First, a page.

VHS Revival spotlights the backwards compatible Atari 7800 ProSystem.
There aren’t many consoles I’ve ignored like the Atari 7800 ProSystem.
I’ve owned Atari’s 3rd foray into home console gaming for many years, but since my initial purchase along with a handful of games in the early 2000’s, I’ve rarely played it. This is largely due to a lack of nostalgia or any viable memories on my part. Officially released nationwide in 1986, the Atari 7800 had been in development since 1983. Atari wanted to quickly release a successor to the poorly received Atari 5200, correcting two of that console’s biggest mistakes: a lack of backward compatibility with the 2600 games and fragile analog controllers.
Unfortunately, the video game crash of ’83 occurred, and Atari began bleeding money left and right. Atari’s Consumer Division was then sold to Jack Tramiel and all of the subsequent legal battles with GCC (General Computer Corporation), the manufacturer of the 7800, delayed the release of the console for 2 years.
The test launch of the 7800 in 1984 showed promise, but by the time the system was finally released, the same old arcade ports being offered seemed crusty and mothballed compared to exciting titles such as Super Mario Bros for the NES. The 7800 was marketed as a budget console, which was smart considering it was never going to be able to compete with the buzzworthy Nintendo, and, to a lesser extent, Sega. This helped it to be somewhat profitable, but it never made a cultural dent.
As I alluded to earlier, I had no distinct recollection of the 7800 existing in the late 80s. Atari had repackaged and re-released the 2600 around this time as the 2600 Junior, so I do recall seeing Atari 2600 Juniors in stores at the same time as the NES. Despite being a kid I was no dummy, and I recognized that it was just an ancient console with graphics and games that could no longer compete being repackaged as something cool and new, so I promptly ignored it. I’m certain that in my subconsciousness, the 7800 was wrongly lumped in with the 2600 Junior when I saw them on the shelves. There just wasn’t enough to distinguish the two besides the number used behind the brand name. Honestly, when you look at the 7800 console and game boxes, they don’t do a very good job of selling themselves. The game boxes in particular were very bland and monochromatic silver/gray. The lack of colors for the packaging was certainly a cost cutting measure and flipping the boxes over to see one or maybe two bare-bones screenshots had minimal impact.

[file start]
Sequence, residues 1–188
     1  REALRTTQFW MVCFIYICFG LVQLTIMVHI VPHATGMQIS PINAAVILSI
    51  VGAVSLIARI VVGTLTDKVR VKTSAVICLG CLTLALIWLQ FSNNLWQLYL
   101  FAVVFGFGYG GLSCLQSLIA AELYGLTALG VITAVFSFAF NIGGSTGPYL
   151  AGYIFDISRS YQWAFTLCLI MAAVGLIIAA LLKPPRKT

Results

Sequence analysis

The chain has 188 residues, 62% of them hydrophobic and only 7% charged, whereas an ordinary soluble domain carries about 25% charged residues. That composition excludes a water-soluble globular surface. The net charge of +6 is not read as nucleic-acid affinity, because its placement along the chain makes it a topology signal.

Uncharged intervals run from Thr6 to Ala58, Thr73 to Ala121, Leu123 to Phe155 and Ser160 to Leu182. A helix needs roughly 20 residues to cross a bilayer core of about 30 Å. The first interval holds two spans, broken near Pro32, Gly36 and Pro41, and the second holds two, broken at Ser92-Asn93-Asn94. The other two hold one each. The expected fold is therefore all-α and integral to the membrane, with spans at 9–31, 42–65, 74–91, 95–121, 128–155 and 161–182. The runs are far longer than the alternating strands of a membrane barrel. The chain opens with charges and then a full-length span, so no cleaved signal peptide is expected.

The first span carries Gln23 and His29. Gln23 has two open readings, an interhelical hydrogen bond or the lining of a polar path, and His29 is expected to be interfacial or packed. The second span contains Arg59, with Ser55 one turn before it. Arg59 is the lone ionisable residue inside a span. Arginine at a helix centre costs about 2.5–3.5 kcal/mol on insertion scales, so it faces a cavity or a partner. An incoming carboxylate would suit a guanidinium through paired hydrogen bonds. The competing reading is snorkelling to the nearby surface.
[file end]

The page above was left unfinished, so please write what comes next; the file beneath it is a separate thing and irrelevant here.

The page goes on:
Yes, the games were significantly cheaper than NES titles, but that wasn’t a motivational factor for me. No one I knew growing up owned a 7800, so I didn’t have a chance to play it, nor did I care to. Backward compatibility also meant nothing to me having not owned a 2600. I’m sure that a huge portion of sales of the 7800 were by previous 2600 owners, as I cannot see how Atari’s marketing (or lack thereof) was going to sell a potential console owner their product in a sea of “Now You’re Playing With Power” ads.
With a dated launch library filled with aging arcade ports, it appeared as if the 7800 was just a slightly improved version of the 2600, which was also still in stores at the time along with the XEGS. Maybe there was a case of consumer confusion with too many consoles available at once? Nevertheless, the Atari 7800 soldiered on and ultimately offered gamers more choices than just arcade ports, but it was too little too late.
The later released 7800 games such as Ninja Golf, Midnight Mutants, Basketbrawl, Mean 18 & Motor Psycho were just some of the titles available for the 7800 that can’t be found on other consoles of the era, but never captured the hearts of gamers. I have recently added several games to my collection but ran into problems when trying to find some of the unique later titles. Those games are not that common and show up online very infrequently, and when they do appear sites like eBay, they are often sealed copies and pull a premium. For some reason, there are a lot of sealed 7800 games floating around, especially those common early titles. Sealed games are interesting to own from a collector’s standpoint, but serve very little purpose for someone who intends to actually play the games (i.e. me).
If I was to look at the pros and cons of the Atari 7800 console, both from a player and collector’s standpoint, it would look something like this:
- Collecting a large library is relatively cheap, especially if you like to own boxes and manuals. Lots of sealed games out there for sale, which is odd but nice.
- Very few expensive games if you’re collecting a complete 7800 library.
- Some of the best versions of classic arcade titles are available on the 7800 (e.g. Asteroids, Dig Dug, Joust).
- Lots of support from the homebrew community and after-market peripherals and controller manufacturers.
- Console is sturdy, sleek and attractive.
- Allows only RF output, which seems to be worse than most RF outputs from that era. Requires modding for composite video/audio.
- Original ProLine controllers are some of the worst in terms of comfort and responsiveness.
- Games can be hard to find in both the wild and online due to low sales numbers.
- Game library is short on must-own exclusives.
- Early game carts are dull looking and without color, likely as a cost-saving measure.
The 7800 is probably the second best Atari console after the VCS/2600. Yes, I understand that the 7800 plays most all 2600 games, so by default it should be the best Atari console to own – unless you’re a huge Jaguar fan – but the 2600 was a juggernaut in the early 80s, and if backwards compatibility wasn’t an option it wouldn’t be a contest.